Financial Information From Taxpayers No Longer Required For Certain IRS Tax Payment Plans

By Jennifer L. Rath, Enrolled Agent

If a taxpayer owes federal taxes, but does not have the financial ability to pay these taxes in full, the taxpayer can apply for a payment plan with the IRS to pay these taxes, and usually on a monthly basis.    However, depending on the amount of taxes owed, the IRS may require the taxpayer to submit detailed financial information in order for the IRS to evaluate a suitable monthly payment.    For this purpose, the IRS requires a taxpayer to prepare and submit a Collection Information Statement (CIS), typically through a Form 433, and with supporting financial documents and information.  Preparation of this financial information, and its review by the IRS, can often be a burdensome and uncertain process for taxpayers seeking to pay their federal taxes.

On May 11, 2020, the IRS issued an important update to the Internal Revenue Manual (IRM) changing the procedural requirements for when a CIS must be submitted as a condition for an installment payment plan.  These procedural updates have expanded the tax debt thresholds for individual taxpayers and “Out-Of-Business” sole proprietors, thus now eliminating the requirement for many taxpayers to provide a CIS in order to obtain a payment plan for their taxes.

A CIS reports detailed financial information about a taxpayer’s assets, liabilities, monthly income and expenses, and other information.  When a CIS is required, the IRS reviews this information to determine the taxpayer’s monthly disposable income and which can furnish the basis for a monthly tax payment.   Information to be reported to the IRS in a CIS includes wage and income amounts from all sources, self-employment income, bank account numbers and balances, investment account numbers and balances, as well as all household expenses, including mortgage or rent payments, secured and unsecured loans and credit lines, food, utilities, child care, healthcare, and other regular monthly expenditures.  For income purposes, the CIS reflects ”every penny in and every penny out” on a monthly basis.  The IRS also imposes allowable standards for mortgage or rent and other household expenses based on the area of the country in which the taxpayer resides.  If a taxpayer’s monthly expenses exceed allowable IRS standards, a monthly tax payment may be based on the lower allowable standard rather than the taxpayer’s actual costs, and which results in a higher monthly payment being due.

Until recently, the IRS required taxpayers seeking a payment plan to submit a CIS where the taxpayer owed more than $50,000 in combined taxes, penalties, and interest.  Under the new IRM procedural update now, no CIS will be required where the balance owed is less $100,000, or even $250,000 depending upon which IRS division is responsible for collecting the taxes.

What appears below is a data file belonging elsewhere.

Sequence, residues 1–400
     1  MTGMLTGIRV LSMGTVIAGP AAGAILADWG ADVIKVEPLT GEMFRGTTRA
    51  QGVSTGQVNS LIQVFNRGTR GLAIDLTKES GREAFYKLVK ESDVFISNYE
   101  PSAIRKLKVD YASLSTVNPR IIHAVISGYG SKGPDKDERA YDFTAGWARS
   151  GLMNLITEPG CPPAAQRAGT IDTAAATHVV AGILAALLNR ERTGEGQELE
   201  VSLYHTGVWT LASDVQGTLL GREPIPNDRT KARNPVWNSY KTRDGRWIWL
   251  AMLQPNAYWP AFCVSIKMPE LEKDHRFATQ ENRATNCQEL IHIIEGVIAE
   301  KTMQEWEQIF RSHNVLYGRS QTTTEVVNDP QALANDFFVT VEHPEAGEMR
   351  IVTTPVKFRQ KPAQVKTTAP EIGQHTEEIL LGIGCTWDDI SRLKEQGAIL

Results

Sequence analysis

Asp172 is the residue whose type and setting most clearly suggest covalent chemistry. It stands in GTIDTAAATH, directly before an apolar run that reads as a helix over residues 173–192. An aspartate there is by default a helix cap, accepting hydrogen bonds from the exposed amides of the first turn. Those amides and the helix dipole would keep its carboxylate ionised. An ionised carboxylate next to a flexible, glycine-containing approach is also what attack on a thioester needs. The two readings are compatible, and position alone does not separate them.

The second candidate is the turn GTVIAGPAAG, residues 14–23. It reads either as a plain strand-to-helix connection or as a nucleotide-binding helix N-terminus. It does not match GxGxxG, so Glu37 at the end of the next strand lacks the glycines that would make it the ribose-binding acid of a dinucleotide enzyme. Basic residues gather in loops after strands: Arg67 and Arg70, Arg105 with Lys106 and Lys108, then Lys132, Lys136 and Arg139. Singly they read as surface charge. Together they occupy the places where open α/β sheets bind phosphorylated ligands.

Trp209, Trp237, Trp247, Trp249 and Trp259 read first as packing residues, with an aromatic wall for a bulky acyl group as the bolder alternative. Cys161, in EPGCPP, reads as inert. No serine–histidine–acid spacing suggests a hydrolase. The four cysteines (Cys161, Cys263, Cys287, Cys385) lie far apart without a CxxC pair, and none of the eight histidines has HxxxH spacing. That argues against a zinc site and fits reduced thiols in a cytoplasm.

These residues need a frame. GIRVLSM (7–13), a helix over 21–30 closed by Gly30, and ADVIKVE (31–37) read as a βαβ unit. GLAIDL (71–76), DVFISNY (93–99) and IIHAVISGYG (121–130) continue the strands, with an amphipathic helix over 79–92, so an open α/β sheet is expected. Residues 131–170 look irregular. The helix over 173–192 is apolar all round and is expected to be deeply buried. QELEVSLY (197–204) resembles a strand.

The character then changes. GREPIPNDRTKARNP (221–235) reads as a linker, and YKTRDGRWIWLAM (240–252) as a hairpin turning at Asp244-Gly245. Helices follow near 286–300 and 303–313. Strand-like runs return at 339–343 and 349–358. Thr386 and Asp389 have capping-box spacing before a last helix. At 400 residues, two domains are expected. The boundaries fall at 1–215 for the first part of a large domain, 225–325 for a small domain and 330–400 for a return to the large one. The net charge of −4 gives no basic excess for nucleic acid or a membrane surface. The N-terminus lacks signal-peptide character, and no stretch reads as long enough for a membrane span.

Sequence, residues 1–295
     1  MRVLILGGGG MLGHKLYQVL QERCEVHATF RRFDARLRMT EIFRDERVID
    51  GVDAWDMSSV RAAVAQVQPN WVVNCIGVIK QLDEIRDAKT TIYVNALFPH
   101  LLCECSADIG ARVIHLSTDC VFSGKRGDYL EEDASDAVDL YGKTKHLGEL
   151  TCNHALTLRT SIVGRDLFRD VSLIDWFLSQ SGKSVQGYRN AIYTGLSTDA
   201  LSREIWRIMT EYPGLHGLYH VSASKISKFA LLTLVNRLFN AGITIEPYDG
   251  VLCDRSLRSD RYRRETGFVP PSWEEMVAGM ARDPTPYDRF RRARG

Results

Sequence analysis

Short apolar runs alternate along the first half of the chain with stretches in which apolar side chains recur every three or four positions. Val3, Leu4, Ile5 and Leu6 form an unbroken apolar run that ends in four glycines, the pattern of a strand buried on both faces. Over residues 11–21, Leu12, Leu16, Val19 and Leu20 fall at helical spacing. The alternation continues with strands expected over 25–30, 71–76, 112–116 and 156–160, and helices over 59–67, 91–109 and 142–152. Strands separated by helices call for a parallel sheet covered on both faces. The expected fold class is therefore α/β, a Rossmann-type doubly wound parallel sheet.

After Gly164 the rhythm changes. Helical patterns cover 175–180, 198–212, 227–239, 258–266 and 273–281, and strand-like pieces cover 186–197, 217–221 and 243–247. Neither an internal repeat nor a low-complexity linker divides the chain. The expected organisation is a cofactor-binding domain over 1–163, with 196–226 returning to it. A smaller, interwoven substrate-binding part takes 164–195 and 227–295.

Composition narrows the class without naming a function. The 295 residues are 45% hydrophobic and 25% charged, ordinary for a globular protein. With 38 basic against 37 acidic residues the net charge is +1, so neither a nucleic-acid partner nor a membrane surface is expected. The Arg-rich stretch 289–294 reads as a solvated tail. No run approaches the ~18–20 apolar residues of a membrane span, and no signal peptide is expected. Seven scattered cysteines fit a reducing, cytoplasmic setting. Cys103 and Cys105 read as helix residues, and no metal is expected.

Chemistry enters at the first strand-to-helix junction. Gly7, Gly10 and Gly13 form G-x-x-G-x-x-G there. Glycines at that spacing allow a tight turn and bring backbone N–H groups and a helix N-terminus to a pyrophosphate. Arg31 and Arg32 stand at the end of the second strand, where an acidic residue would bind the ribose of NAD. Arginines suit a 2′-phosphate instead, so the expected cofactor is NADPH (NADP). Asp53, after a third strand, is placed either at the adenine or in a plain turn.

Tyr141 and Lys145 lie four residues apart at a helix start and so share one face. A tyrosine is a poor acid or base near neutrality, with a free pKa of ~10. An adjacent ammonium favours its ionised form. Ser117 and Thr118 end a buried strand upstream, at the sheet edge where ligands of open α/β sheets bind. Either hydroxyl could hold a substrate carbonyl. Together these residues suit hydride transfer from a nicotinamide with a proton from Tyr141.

IRS employees in the Automated Collection System (ACS), Automated Collection System Support (ACSS), and Compliance Services Collection Operations (CSCO) divisions attempt to collect outstanding taxes, penalties, and interest from taxpayers through mailed notices.  Installment payment plans handled by these divisions can now be approved for outstanding taxes, penalties and interest up to $250,000 without providing a CIS.  The term of an installment payment plan can be as long as 10 years, or the remaining balance of this 10-year term which begins from the day the IRS first sends a bill to a taxpayer for the outstanding balance.  This 10-year term can be extended, however, where the IRS may be legally prevented from collection taxes, such as where the taxpayer files bankruptcy, submits a request with the IRS to “compromise” taxes, and in other specific instances.

When taxpayers do not respond to mailed tax-due notices, IRS Field Assistance Employees, such as Revenue Officers, may be assigned to collect the outstanding tax debt.  Revenue Officers may visit the taxpayer’s home or call the taxpayer in an attempt to collect the taxes.  Revenue Officers now have the authority to grant payment plans without a CIS for outstanding taxes penalties, and interest up to $100,000.  Here again, any monthly payment plan must fully pay the full tax debt prior to the end of the applicable 10-year period.

Managerial approval of payment plans may be required in some cases.  For taxpayers with a history of defaulting prior IRS payment plans, an IRS manager must approve a new payment plan where the amount owed exceeds $25,000.  Managerial approval will also be required for payment plans where the taxes, penalties, and interest exceed $50,000 regardless of prior default status.

Taxpayers who cannot fully pay their balances prior to the end of the applicable 10-year period may qualify for a partial payment installment agreement for a limited period of time (e.g. 1 or 2 years), but a CIS will be required for all partial payment agreements.  After the end of the initial term of a partial payment agreement, the taxpayer would need to apply for a new partial payment agreement for an additional term.

These IRM procedural changes reduce burdensome information preparation and disclosures for many taxpayers now, and is certainly a welcome change to older IRS financial information requirements.  With this new changes. Taxpayers should now be able to more easily qualify for a payment plan for their federal taxes.

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